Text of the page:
Summer baseball still possible
- Updated: May 17, 2020
Here are two baseball-related stories that recently appeared in the Union Leader. The first is about local coaches forming leagues for summer baseball at the high school level this year, and the second states that it’s unlikely the New Hampshire Fisher Cats will play ball this year.
The New England Independent Baseball League, which has been around since 2013, has 20 teams committed to playing should Gov. Chris Sununu give the approval for summer sports, and a group of Legion coaches is working on forming a league for their teams.
The NEIBL, which formed in southern New Hampshire as Senior Babe Ruth faded in the area, has six to 12 teams in a typical season, league president Tom Walker said.
“We’re ready, willing and able to play ball. The question is, will the cities and towns and governor allow it?,” Walker, who is the varsity baseball coach at Souhegan High School in Amherst, said. “There’s overwhelming interest in summer baseball.”
The NEIBL has in the past played three days a week, to allow players to attend to summer jobs. Walker said. This year, the schedule might be expanded to accommodate more teams. He said there has also been discussion of offering varsity and junior varsity levels so that more kids can play.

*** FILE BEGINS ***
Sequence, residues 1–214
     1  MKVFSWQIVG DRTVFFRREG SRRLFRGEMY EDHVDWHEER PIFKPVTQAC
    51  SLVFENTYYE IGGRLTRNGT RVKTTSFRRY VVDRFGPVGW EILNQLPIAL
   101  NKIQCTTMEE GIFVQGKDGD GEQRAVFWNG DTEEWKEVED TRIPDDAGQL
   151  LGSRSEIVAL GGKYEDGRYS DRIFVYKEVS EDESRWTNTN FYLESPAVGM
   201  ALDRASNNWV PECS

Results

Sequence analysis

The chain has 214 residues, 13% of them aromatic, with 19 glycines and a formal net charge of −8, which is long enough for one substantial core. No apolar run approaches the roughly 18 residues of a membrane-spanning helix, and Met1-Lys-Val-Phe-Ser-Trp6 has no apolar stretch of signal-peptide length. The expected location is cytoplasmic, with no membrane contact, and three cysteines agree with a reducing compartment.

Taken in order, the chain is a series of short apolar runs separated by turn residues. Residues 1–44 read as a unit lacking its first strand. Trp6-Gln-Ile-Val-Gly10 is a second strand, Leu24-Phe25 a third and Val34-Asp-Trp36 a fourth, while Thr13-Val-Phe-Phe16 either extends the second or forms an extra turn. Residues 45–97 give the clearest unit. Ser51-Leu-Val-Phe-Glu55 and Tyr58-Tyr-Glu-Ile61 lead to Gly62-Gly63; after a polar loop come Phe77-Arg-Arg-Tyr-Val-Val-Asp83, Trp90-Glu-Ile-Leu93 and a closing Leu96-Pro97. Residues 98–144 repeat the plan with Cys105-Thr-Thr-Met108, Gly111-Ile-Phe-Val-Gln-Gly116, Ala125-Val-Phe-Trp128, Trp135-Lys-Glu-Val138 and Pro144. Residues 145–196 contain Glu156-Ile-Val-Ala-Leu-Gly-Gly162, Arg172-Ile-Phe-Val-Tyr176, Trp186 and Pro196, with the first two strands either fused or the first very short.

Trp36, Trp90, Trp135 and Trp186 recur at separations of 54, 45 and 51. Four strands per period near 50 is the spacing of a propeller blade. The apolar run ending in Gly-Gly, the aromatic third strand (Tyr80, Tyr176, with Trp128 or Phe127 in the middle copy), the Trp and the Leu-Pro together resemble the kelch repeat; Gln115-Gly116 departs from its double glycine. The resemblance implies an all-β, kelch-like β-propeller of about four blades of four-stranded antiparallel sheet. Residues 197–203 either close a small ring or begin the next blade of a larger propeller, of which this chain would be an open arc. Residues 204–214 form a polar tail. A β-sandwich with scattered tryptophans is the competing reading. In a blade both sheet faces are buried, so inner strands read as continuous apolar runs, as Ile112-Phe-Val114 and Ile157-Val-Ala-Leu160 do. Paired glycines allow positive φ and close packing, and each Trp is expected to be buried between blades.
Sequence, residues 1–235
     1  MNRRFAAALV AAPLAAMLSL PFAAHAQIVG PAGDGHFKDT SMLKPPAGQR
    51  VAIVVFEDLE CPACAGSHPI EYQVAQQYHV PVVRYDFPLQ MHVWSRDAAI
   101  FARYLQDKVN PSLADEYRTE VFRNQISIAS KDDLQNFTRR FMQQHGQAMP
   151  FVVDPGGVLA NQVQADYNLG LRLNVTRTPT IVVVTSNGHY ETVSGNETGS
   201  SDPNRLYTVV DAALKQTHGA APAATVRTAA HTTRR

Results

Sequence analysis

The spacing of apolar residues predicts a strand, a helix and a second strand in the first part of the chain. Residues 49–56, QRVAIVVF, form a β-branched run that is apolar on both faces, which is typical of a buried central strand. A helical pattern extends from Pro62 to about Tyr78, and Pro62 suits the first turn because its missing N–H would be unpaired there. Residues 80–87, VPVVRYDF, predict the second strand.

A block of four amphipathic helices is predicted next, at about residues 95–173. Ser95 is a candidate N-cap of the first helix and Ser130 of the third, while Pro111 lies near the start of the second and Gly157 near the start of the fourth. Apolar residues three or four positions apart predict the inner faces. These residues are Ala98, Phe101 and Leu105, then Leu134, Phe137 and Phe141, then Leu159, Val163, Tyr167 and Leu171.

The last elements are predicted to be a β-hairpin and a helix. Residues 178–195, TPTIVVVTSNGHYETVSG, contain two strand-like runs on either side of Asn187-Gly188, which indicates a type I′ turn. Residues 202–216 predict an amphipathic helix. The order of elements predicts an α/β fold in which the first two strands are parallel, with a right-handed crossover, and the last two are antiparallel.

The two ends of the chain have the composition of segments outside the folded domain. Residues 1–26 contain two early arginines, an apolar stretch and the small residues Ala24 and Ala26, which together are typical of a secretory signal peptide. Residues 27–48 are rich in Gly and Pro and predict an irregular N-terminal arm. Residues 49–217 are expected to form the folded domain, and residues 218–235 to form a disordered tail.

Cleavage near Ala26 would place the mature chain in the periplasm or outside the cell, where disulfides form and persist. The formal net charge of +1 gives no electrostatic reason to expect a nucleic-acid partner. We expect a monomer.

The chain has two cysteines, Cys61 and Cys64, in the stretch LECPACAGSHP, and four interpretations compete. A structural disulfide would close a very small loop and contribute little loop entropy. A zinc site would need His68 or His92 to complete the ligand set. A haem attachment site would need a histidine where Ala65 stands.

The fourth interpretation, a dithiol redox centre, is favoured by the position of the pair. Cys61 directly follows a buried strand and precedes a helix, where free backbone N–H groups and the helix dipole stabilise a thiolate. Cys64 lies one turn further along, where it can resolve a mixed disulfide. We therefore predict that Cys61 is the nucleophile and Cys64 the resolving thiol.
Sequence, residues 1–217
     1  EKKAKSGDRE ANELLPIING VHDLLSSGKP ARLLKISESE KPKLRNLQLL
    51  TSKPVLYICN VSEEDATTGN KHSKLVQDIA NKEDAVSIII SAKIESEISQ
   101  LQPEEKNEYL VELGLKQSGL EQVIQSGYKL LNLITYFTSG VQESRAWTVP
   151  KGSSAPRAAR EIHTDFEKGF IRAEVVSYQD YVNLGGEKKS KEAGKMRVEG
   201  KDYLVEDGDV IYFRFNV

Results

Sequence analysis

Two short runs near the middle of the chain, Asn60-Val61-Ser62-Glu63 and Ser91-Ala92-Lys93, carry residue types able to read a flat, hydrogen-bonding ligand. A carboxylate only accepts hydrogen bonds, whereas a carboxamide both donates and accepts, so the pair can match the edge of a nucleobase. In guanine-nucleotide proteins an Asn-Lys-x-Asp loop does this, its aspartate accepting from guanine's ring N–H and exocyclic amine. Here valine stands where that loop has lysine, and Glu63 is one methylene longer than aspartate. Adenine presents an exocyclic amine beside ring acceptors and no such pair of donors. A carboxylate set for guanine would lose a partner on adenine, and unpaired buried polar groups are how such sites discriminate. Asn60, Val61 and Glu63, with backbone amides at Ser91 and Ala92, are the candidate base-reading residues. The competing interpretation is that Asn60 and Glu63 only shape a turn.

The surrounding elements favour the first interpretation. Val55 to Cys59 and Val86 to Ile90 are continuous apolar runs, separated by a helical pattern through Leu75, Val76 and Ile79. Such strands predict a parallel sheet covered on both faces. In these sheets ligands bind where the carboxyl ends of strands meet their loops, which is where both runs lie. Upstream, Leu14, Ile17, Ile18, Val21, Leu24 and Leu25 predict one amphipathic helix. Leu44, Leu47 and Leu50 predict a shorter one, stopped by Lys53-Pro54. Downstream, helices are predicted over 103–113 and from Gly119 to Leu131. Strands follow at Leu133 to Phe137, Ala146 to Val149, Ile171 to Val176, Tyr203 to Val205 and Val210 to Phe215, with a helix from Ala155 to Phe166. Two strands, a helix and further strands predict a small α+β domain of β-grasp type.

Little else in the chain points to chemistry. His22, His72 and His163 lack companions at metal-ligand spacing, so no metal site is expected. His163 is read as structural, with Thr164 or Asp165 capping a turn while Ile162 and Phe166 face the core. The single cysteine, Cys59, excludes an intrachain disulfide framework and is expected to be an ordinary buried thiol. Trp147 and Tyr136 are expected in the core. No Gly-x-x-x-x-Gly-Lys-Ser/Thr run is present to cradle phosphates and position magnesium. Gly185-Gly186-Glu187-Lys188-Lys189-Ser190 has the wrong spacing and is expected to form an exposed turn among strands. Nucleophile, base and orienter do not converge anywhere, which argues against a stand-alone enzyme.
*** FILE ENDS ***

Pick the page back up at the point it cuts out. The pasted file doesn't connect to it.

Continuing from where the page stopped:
“We will morph our league to whatever we can get accomplished,” Walker said. “The limitation like everything is going to be our field space.”
The New Hampshire Fisher Cats probably won’t play this year, the minor league baseball team’s owner told the New Hampshire Union Leader on Friday.
“We, of course, feel terrible that it’s not likely that we’ll play this summer,” Arthur Solomon said in a phone interview.
Through Saturday, 36 games will have been postponed — including 16 at home. The season was scheduled to start April 9 on the road and April 16 at home at Northeast Delta Dental Stadium.
A canceled season could mean a “bottom line” loss of more than $1 million for the Fisher Cats this year, said Solomon, who has owned the team for 15 years.